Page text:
Three thoughts on the USMNT September camp roster

In case you missed it, US Men’s National Team head coach Gregg Berhalter announced his roster for the September international window, where the USMNT will play a pair of friendlies against Japan and Saudi Arabia.

This certainly isn’t just any other camp, though. It’s the last chance to evaluate the player pool in a single camp before the 2022 World Cup kicks off in Qatar. The USMNT will announce their roster on November 9, with the official submission due to FIFA on the 14th. This group of 26 players says a lot about where the squad stands for Berhalter and his staff. Let’s dive in.

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The game model matters most

Berhalter wants his team to play in a clear way. He’s spent the last cycle establishing that. It hasn’t been without hiccups, and The System™ has certainly evolved in that stretch. But in this September roster (and the roster for Qatar), players will be selected first and foremost by their ability to fit in and contribute to that model.

This means that good players will miss out. It’s why John Brooks has been out of the picture since September. It’s why Tim Ream, who’s currently captaining Fulham in the Premier League and playing the best soccer of his career at age 35, isn’t in the squad. Berhalter wants his defense to play with a high line. Neither of those defenders have the pace to do it, and neither are in the squad.

As Matt said in the above tweet, it’s a nice change to have a defined style and vision. Prior head coaches (but especially one in particular) cobbled together rosters without much cohesion and would sub players into games with the precise instructions to run hard and cause problems.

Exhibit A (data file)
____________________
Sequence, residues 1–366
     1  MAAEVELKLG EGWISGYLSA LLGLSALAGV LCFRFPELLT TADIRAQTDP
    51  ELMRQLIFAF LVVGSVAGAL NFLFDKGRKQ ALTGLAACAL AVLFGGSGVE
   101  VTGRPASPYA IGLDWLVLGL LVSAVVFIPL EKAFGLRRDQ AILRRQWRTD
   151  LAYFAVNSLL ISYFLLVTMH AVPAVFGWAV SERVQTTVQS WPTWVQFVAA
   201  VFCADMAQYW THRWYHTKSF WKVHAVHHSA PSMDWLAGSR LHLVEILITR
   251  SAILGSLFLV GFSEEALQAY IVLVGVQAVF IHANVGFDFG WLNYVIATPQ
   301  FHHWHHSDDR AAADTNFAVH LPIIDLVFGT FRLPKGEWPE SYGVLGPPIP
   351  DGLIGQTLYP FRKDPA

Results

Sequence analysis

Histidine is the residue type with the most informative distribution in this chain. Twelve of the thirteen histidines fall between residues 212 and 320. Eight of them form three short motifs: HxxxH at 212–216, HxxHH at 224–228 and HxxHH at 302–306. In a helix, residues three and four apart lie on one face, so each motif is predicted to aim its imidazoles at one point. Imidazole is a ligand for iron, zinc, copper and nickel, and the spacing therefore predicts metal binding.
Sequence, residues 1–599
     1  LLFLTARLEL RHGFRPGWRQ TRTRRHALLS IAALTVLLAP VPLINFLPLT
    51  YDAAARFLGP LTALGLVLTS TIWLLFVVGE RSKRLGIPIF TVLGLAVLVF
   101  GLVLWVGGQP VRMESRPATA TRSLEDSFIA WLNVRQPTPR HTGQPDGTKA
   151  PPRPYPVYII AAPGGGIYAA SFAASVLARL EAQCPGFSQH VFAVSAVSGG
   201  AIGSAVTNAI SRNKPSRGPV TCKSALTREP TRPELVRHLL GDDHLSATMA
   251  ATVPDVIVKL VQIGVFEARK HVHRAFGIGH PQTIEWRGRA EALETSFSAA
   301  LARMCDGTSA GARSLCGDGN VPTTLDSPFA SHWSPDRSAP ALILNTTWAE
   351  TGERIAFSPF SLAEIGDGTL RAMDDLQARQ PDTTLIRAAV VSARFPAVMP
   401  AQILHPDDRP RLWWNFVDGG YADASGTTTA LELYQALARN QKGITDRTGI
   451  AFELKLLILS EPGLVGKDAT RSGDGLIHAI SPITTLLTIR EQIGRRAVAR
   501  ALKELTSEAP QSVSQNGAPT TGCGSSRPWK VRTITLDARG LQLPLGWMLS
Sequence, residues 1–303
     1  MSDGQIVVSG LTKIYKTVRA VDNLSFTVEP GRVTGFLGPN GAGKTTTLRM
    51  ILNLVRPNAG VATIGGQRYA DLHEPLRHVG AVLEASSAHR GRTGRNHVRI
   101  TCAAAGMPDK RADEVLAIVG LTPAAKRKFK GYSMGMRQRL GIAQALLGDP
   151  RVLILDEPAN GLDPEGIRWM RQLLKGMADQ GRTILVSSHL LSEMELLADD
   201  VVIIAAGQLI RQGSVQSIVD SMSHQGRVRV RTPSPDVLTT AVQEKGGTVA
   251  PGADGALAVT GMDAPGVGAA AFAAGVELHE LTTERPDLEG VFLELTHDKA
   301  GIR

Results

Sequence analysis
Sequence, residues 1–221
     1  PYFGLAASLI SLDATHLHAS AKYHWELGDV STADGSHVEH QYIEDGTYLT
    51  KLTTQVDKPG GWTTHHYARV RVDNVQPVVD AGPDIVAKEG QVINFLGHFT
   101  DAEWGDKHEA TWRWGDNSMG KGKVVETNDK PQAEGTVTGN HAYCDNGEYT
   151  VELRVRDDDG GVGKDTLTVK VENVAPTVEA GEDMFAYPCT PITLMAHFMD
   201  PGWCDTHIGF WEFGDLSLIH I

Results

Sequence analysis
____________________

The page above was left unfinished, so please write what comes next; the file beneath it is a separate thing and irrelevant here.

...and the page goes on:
I don’t always agree with how Berhalter approaches games or his selection. There’s a rationale and a lot of thought that goes into every game plan and every roster. Even if you disagree or don’t like it, we’re certainly past the days of selecting players based on talent alone with no thought to how they fit into a larger whole.

This means good, in-form players will miss out.

Berhalter bets on his ability to bring out potential

The omissions of in-form strikers Jordan Pefok and Brandon Vázquez made all the headlines. Playing for Union Berlin (who currently sit atop the Bundesliga table, no big deal) and a resurgent FC Cincinnati, the two have combined for three goals and three assists in their last five matches.

Vázquez especially has been a force since his club season started in March, scoring 16 goals. The only American in MLS to score more is FC Dallas forward Jesús Ferreira, who’s on the roster and expected to start in Qatar.

The decision to leave both off the roster is starkly contrasted by Ricardo Pepi’s inclusion.

Pepi last scored in a November 16 World Cup qualifier against Jamaican. He’s played 28 times for club and country since then, both in Germany with Augsburg and most recently with FC Gronigen in the Netherlands. He hasn’t scored a goal in that stretch. His one assist was a layoff inside the center circle to a teammate who carried the ball 40 yards, beat two defenders, and scored from outside the box.